Partner Services Marketing Manager Cisco Services EMEAR
Whilst reading some of the latest news around data and corporate information security, I noted the added concern of hackers becoming even more determined to find exploits in corporate infrastructure, especially those mobile workers who may log on to company networks from public Wi-Fi hotspots. And, with the considerable rise in the availability of public wi-fi hotspots (now estimated at more than 12 million globally), cyber criminals are exploiting this growing trend of accessing networks from public places such as coffee shops.
Corporate data seems to be the new modern day oil with the criminal fraternity falling into two camps – those who wish to take data in order to sell it to the highest bidder, or the bedroom hacker or “hacktivist” who does it to test their own skills and gather trophies. Indeed, the latter is more likely to be sucked up into the world of crime as the often exaggerated riches become just too much of an enticement to ignore. Public Wi-Fi is as good a hunting ground as any.
Fuelled by mobility and the rising use of BYOD (Bring Your Own Device), attackers are looking for soft targets to exploit networks, and are on the lookout for those innocent users who logon from the local coffee shop without the safety of a VPN, attempting to trick them into connecting to a hotspot that mimics those seen in cafes, pubs and coffee shops.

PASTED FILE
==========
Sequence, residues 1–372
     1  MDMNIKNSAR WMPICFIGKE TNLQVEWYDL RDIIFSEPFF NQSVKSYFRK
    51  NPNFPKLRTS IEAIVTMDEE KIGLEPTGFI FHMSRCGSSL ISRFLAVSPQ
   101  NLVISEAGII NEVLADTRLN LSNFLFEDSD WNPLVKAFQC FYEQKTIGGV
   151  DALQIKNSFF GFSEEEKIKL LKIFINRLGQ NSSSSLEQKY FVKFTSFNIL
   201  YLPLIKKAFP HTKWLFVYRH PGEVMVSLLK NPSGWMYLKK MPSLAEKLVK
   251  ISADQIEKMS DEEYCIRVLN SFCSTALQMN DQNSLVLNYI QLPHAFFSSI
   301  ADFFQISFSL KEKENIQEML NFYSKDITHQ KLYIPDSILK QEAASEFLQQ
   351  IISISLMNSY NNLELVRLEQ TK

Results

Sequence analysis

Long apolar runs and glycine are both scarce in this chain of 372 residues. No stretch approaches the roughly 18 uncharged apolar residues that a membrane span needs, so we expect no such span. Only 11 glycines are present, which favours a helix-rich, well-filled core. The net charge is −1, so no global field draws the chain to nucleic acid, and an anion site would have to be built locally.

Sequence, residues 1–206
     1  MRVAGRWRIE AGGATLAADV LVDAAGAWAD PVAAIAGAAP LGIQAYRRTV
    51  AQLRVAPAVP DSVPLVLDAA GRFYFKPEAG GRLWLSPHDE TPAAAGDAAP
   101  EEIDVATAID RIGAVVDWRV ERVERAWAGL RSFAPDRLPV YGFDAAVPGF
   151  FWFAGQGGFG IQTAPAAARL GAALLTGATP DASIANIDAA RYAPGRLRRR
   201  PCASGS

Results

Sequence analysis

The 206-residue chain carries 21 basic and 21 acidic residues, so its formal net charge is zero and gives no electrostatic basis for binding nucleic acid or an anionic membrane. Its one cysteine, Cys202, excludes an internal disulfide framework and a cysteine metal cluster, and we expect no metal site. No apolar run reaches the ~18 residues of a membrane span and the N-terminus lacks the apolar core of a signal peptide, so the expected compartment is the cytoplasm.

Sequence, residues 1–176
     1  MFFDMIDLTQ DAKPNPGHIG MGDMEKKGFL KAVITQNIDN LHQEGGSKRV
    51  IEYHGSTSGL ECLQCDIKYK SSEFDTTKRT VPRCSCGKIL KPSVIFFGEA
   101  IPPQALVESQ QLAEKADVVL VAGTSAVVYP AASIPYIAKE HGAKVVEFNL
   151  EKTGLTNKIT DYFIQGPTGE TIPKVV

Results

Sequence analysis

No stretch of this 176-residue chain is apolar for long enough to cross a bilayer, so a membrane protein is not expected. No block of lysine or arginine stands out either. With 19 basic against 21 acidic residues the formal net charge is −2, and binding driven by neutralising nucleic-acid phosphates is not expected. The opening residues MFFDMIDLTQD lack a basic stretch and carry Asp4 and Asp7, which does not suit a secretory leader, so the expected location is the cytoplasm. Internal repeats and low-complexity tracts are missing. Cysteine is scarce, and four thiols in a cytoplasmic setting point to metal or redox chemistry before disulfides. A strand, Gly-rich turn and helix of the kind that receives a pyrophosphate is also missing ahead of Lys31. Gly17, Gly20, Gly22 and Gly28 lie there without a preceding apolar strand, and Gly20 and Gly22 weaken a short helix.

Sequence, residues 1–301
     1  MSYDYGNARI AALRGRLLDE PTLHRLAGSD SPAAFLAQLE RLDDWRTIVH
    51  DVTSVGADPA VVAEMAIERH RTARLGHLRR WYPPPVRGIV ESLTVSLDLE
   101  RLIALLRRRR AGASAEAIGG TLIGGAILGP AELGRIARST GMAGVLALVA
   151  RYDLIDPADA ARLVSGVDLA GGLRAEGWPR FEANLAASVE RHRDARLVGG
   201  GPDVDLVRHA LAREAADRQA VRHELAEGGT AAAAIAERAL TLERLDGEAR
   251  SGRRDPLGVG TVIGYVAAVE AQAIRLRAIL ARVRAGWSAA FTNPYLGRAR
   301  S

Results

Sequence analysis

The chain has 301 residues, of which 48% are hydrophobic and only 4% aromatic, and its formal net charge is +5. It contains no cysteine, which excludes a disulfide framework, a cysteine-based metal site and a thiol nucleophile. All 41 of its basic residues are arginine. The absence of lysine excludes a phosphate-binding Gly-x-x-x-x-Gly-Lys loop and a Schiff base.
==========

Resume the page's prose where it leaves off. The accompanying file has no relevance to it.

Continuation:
These attacks, known as “man in the middle” aims to compromise a device, change the DNS configuration, and replace IP addresses with domains under criminal control, redirecting any requests without the user’s knowledge and intercepting sensitive information.
A recent example of this type of attack was seen at the European Parliament, which was forced to turn off its public Wi-Fi system after it discovered that a man in the middle attack was being performed through its service.
With more and more of us using cloud based applications to access data that may be off the corporate network, this is even more of a problem as most of these services do not use the secure HTTPS protocol.
To what scale this has become a problem is somewhat unknown, but with the rise in attacks on networks from Wi-Fi hotpots, there is a need to ensure vigilance. Communication and warnings to users when accessing corporate data whilst on the move are essential, and ensuring that devices carry the latest patches and updates to the VPN to avoid both costly and potentially damaging breaches in security are vital armouries in the fight against the hacker community.
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